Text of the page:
The second, and last, beer in our Irish Beer in Ireland series we look at Kilkeny Irish Cream Ale. Sorry about my audio quality, I forgot to turn my actual microphone.
Well talk about topical, we not only have a news story for you tonight, but it is a news story about Ireland. The oldest brewery in Ireland closed on May 30th. The Beamish and Crawford brewery was opened in Cork, a southern county in Ireland, around 1792. Production of Beamish is being transferred to the Heineken Lady’s Well brewery in Cork following a decision made last year. This means that Beamish and Murphy’s, once bitter rivals, will now be housed under the same roof. Heineken Ireland meanwhile has presented the Beamish archives – probably one of the most complete brewing archives in Ireland or Britain – to the Cork city archives. Beamish, as you may remember, was an Irish Stout that we covered back in our first Irish series and I actually like it better than Guiness.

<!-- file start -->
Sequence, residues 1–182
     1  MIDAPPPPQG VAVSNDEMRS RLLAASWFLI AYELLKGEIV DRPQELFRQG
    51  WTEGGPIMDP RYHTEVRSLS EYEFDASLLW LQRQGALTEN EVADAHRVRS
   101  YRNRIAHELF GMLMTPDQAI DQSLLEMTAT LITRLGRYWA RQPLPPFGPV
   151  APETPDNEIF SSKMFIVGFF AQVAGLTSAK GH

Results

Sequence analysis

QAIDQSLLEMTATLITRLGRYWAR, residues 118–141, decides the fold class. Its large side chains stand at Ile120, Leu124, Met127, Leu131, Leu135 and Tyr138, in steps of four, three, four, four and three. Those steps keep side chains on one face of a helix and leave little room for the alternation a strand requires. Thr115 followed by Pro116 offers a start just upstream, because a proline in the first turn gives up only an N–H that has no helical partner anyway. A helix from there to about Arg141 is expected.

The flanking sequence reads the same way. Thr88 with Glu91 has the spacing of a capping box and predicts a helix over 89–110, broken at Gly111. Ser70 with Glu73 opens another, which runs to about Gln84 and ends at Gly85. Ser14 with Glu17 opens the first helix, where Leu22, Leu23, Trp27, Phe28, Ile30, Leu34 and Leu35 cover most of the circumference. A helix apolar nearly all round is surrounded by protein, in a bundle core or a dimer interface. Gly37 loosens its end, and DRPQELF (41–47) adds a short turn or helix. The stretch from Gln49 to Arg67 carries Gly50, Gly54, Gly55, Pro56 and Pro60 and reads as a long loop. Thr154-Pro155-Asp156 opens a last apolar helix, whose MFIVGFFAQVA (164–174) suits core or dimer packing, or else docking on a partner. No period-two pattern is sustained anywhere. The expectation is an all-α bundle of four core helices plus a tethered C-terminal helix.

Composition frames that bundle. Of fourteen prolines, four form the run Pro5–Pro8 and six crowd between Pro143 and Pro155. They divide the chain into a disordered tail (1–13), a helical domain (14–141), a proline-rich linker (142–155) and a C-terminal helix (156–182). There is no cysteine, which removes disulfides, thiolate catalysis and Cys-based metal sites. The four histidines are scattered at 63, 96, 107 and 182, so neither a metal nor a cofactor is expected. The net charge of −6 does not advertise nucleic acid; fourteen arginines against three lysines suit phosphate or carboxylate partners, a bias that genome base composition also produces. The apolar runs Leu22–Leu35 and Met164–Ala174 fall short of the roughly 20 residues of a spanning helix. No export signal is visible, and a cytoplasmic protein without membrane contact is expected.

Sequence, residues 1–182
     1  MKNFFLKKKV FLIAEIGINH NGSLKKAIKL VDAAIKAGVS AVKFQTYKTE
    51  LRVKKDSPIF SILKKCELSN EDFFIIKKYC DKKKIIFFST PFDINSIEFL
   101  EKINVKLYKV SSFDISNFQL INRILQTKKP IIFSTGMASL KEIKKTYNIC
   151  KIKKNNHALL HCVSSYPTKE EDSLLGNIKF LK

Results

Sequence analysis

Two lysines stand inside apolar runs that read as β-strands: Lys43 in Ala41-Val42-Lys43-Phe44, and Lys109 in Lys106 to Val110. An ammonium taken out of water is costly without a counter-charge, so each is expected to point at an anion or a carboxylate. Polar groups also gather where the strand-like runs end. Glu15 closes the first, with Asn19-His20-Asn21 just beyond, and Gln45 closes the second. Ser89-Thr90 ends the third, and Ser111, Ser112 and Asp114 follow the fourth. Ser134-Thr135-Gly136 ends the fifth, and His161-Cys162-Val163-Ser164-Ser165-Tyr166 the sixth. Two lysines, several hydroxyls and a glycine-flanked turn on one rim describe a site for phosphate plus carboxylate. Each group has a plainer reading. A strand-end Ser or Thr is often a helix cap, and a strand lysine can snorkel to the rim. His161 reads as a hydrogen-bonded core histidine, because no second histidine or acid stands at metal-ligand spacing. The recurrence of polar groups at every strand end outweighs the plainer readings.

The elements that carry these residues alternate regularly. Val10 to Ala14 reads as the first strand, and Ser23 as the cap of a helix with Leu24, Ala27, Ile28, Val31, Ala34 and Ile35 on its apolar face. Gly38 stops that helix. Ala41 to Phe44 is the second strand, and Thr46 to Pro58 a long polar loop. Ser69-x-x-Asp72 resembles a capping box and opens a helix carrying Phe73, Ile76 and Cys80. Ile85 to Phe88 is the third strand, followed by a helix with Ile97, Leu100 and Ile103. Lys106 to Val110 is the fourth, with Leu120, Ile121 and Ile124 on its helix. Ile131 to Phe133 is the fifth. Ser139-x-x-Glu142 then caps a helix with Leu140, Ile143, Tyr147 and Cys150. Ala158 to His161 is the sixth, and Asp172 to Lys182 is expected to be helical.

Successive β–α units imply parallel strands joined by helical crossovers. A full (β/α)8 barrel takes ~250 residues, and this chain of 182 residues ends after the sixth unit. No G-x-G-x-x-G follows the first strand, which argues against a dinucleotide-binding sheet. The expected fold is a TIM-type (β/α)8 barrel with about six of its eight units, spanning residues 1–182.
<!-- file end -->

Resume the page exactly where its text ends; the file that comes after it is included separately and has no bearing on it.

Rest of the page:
Kilkenny Irish Cream Ale
- Tonights beer is Kilkenny Irish Cream Ale, named after a town located in the middle of the country, Kilkenny.
- A little bit about the background of this beer. Well, guess what, it is made by Diageo, the giant beverage company that also makes Guiness, Harp, and Smithwicks.
- We have talked long and hard about Diageo, so I am not really going to say much about the company.
- The beer is actually produced in Kilkenny in the same brewery that produces Smithwicks.
- The St. Francis Abbey Brewery occupies over 25 acres in the heart of Kilkenny City. The brewery has been part of local life for over 290 years and it is here that Smithwick’s Ale was first brewed in 1710.
- To give you a feeling of the size of the brewery, Budwieser is also produced there for the Irish domestic market.
- Tonights beer weighs in at 4.3% abv and is not available in the US. It is available over most of Europe and even Canada, but not here. Also, there are some rumors that the beer may start to be imported here in the future, so just keep your eyes open.